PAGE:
Friday, April 18, 2008

The Office Continues

One of my friends has to write a paper on a pop culture staple, and she mentioned doing her paper on The Office.  That got me seriously thinking about the show and its impact on our television and everyday life.  Some peoples Thursday's revolve around the latest episode of The Office.

The show was born from the British version of a show I believe of the same name.  BBC has produced some of the best humorous television, which the Brits know best.  It's amazing how quick the show rose in popularity.  No one on the show was really well known when the show first aired, the only actor I had heard of was Steve Carell.  Now, however, the stars have branched out into movies and elsewhere.  John Krasinski is perhaps the most famous from the show.  However, Rainn Wilson and Jenna Fischer are quickly gaining fame.

On the latest episode, it was mentioned that an engagement is coming up.  The relationship of Jim and Pam has been a cliffhanger since the premier episode of the show.  Every viewer knows they belong together, and it has been a constant roller coaster.  The episode that it came out that they were dating was an amazing step for the show, and now to know that a ring has come into the picture is brilliant.  The writers can drag it on for as long as they want. 

I think this show is here to least for a while.  The show has become such a television icon and so quickly.  Everything about is funny, and it is something that can easily stay funny.  The characters are great and the actors are so talented.  The best part though is the writing.  Nothing gets better than the ridiculous situations and witty lines that the writers come up with.  

Tuesday, April 15, 2008

The Office is Back

Some people may be confused, but it is still the middle of the fourth season of The Office.  The first episode post- screenwriters strike aired last Thursday.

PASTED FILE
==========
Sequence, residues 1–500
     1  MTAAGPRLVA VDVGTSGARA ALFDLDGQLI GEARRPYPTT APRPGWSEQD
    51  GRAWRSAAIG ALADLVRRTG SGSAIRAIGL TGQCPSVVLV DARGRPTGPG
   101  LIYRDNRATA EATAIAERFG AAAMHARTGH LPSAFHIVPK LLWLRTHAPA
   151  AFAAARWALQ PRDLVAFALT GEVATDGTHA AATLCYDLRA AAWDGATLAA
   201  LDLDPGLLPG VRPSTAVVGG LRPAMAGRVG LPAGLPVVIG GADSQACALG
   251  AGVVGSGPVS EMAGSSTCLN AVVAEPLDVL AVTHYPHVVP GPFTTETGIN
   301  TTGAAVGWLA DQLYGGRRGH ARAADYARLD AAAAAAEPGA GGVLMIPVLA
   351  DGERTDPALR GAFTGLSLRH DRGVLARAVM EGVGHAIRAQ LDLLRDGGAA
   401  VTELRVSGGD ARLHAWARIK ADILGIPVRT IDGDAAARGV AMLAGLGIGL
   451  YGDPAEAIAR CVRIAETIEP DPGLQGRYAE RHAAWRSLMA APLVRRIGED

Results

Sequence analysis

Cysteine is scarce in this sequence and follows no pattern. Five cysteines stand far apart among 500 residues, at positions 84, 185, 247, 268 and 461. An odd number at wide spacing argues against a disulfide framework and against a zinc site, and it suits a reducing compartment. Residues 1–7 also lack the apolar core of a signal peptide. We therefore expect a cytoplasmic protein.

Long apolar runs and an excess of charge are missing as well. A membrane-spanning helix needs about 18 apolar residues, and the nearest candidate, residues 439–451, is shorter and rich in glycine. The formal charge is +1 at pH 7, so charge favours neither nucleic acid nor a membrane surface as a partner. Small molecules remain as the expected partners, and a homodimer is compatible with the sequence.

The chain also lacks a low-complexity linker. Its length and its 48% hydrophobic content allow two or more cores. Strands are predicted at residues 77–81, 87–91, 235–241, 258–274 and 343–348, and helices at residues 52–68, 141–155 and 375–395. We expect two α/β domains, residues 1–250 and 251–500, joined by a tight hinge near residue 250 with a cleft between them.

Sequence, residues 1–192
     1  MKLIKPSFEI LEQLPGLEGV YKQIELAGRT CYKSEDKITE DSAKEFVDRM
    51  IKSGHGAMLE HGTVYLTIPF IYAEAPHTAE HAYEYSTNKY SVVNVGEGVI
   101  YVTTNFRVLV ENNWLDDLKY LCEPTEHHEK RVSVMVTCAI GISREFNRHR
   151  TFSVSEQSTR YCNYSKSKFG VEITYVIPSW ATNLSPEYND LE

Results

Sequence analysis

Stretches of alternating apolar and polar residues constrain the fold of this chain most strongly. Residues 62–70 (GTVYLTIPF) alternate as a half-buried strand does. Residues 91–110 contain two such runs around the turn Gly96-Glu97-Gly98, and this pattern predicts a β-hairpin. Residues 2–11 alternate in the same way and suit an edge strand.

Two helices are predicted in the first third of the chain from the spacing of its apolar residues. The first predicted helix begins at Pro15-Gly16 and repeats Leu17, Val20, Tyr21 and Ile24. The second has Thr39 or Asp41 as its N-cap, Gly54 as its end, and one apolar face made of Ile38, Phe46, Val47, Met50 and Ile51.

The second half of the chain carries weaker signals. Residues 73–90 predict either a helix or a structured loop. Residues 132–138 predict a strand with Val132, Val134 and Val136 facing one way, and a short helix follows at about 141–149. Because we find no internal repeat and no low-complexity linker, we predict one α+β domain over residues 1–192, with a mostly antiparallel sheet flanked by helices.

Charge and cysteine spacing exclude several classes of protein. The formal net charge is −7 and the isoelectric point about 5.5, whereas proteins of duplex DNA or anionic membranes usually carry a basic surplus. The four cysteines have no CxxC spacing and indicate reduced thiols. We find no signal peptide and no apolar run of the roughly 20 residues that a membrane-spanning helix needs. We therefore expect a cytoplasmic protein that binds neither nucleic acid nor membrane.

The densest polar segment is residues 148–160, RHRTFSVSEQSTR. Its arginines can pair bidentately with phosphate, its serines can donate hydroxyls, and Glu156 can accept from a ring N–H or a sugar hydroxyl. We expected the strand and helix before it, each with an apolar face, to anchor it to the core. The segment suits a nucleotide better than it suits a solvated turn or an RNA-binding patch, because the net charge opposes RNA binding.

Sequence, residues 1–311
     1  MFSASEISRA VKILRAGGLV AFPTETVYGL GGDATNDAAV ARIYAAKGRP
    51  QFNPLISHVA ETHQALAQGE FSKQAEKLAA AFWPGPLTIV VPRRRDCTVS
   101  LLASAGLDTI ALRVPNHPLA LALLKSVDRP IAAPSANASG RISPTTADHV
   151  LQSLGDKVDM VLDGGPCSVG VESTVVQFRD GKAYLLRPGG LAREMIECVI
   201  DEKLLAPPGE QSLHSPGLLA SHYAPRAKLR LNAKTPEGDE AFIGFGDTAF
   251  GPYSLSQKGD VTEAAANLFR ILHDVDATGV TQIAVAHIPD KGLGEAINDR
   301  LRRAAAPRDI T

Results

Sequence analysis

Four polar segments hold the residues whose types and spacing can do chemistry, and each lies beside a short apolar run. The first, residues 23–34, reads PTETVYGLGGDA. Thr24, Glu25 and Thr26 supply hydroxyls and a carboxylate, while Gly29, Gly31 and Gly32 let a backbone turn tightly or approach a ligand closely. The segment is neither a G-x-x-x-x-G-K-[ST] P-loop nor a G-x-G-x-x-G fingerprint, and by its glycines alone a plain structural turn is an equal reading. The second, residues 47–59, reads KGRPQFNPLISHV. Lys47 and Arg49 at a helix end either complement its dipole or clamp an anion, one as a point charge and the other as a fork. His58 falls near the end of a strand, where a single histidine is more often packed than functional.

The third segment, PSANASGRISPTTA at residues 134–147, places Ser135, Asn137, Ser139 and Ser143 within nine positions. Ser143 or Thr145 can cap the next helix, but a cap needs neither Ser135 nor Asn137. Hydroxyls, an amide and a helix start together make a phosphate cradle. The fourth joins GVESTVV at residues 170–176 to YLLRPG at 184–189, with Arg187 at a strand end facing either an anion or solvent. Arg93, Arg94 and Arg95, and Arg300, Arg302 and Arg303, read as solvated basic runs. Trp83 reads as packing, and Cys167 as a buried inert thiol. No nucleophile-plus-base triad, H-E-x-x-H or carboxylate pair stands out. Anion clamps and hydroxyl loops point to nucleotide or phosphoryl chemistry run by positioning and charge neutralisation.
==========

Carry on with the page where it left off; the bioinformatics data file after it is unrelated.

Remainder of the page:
The episode was very surprising to me.  It wasn't very typical for the show.  First, the episode mainly took place in Michael's home not at Dunder Mifflin.  Because of the set change, much of the cast was not included in the majority of the story.  The only characters were Michael and Jan, Jim and Pam, Andy and Angela, and later Dwight.  These are the main characters, however a lot of the humor comes from the minor characters.  It is surprising that they were cut out of the show's return.  

The plot was surprising as well.  It is not that it wasn't funny, just very unexpected from the characters.  Much of the plot focused on Michael and Jan's tension at home.  They were both out of character.  Michael wasn't trying to be funny and failing at it.  He actually spent most of his time mad at Jan.  Jan acted the same way towards Michael.  They were both blatantly disrespectful of each other, where as they usually try to remain calm in public.  

I think the plot was a good one, but I think it made it difficult in that it premiered the last half of the fourth season.  I feel like it could have been written all along, and there just happened to be a long break in the season.  I think everyone was expecting to be reunited with their favorite characters and then spent the half hour in Michael's house with Jan.

Friday, April 11, 2008


Apparently, 21 has remained at the top of the list for the past two weeks.  I am not really sure why.  I enjoyed the movie, but I didn't think it was well put together.

My only qualm is the sluggish plot.  The story progressed so slowly, I found it hard to stay interested.  It isn't that the story wasn't worth documenting, its just I feel like a lot of screen time was wasted with cards and numbers.  

The "big names" Kevin Spacey and Laurence Fishburne didn't really help the story move any faster.  The students were well casted, however.  The two main roles: Ben and Jill were perfect.  Jim Sturgess is a favorite and Kate Bosworth has proved herself.  The background players and Ben's best friends were great.